A Unique Hospital for Sick Babies

When I had my daughter just eight years ago, it used to be that the age of viability was 30 weeks. This meant that if she was born prematurely, at 30 weeks she had a very good chance of survival. Before 30 weeks, that was a different story. But medical technology is constantly changing.

When I had my twins two years ago we talked extensively about the possibility of premature birth. Having twins nearly doubles your risk of giving birth early regardless of the health of the mother or other factors. It is not common to carry twins to a full 40 weeks. As we talked about the possibilities I was surprised to learn that the age of viability was now considered 24 weeks. Just 24 weeks of gestation, and my babies, should they have been born early, had a good chance at survival.

As medical advances are enabling doctors to keep even the sickest of babies alive, there is a burgeoning need to have hospital facilities that accommodate babies that are out of the NICU but still are not ready to go home. Blythedale Children’s Hospital’s green unit is one such place where babies can recover and parents learn the ins and outs of what it will take to care for their special baby.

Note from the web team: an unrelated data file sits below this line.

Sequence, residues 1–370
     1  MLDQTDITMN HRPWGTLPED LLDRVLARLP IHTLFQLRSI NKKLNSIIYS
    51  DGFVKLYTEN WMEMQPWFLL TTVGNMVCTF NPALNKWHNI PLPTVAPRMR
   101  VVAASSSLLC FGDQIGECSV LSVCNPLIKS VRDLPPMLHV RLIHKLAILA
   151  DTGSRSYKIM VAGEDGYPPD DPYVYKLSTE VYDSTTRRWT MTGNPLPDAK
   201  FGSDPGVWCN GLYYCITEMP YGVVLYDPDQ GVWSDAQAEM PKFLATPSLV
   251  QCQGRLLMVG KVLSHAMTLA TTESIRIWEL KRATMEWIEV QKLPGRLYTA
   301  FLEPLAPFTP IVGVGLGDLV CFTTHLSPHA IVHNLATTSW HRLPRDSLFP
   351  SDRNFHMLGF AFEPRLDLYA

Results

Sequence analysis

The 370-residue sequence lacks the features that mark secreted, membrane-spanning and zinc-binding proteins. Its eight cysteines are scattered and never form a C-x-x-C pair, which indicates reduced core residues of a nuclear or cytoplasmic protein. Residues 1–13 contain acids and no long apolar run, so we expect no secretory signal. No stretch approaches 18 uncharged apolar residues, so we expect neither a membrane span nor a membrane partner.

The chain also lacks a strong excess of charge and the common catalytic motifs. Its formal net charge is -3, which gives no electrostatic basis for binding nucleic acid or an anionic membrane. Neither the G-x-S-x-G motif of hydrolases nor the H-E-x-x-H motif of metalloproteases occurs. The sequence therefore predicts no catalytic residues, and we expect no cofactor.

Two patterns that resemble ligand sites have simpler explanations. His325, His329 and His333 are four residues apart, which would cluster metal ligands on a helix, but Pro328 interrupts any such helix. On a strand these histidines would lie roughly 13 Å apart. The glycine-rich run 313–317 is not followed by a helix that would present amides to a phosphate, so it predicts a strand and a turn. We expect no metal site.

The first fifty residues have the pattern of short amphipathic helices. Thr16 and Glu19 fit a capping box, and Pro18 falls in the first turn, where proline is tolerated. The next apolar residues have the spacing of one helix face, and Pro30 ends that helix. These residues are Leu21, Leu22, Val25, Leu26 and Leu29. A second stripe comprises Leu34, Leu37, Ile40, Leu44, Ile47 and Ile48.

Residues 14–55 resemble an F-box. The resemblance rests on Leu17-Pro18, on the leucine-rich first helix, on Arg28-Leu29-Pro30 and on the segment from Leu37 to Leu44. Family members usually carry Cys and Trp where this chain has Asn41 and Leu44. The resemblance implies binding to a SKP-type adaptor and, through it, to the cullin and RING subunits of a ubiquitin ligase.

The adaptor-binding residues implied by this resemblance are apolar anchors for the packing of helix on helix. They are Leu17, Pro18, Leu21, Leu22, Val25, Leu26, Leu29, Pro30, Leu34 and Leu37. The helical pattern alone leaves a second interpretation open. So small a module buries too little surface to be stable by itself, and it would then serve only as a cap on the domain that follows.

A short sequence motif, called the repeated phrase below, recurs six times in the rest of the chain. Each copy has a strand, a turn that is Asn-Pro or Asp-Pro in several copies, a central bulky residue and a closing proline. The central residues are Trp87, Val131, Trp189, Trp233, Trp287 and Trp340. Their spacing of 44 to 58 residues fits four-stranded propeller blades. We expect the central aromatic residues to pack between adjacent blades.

The program is unique to New York. Babies that come there have already likely spent several months in the NICU. It’s not just preemies that they accept, but any baby who was born sick and needs more time to recover, but no longer needs to be in intensive care. Some of the babies were born with heart defects and others were just born with disabilities that will require special care. The green unit is able to wean about 70% of their babies off ventilators which means baby has a much better chance at a healthier, normal life.

Consistent with a growing trend in preemie care, Blythedale Children’s Hospital also offers classes and support for parents. When their babies arrive, most parents have not even changed a diaper. One goal of the green unit is not only to improve the long term health of the baby but to teach parents how to suction a child’s tracheotomy, provide daily physical therapy, or even help parents feed their child.

Hopefully, the trend will continue and we’ll have ‘green units’ in all 50 states. These units provide much needed support and assistance to families.

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